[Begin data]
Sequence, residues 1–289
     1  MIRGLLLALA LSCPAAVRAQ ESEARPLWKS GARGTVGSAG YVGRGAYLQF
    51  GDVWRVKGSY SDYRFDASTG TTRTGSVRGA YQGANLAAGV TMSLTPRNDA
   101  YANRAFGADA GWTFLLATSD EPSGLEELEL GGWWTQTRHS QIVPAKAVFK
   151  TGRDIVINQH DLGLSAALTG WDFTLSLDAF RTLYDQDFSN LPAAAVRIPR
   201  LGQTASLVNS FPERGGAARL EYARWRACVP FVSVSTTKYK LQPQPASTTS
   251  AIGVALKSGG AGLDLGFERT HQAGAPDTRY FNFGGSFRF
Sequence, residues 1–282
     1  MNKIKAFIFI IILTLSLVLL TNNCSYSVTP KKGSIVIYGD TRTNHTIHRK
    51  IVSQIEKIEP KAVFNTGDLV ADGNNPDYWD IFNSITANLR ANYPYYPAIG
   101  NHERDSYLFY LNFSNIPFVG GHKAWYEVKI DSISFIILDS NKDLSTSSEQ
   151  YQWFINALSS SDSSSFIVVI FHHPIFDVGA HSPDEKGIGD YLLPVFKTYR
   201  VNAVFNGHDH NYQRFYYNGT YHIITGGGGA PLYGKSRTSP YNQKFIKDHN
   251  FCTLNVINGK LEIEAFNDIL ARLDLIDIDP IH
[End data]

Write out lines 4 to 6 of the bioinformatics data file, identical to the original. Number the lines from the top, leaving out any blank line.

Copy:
   101  YANRAFGADA GWTFLLATSD EPSGLEELEL GGWWTQTRHS QIVPAKAVFK
   151  TGRDIVINQH DLGLSAALTG WDFTLSLDAF RTLYDQDFSN LPAAAVRIPR
   201  LGQTASLVNS FPERGGAARL EYARWRACVP FVSVSTTKYK LQPQPASTTS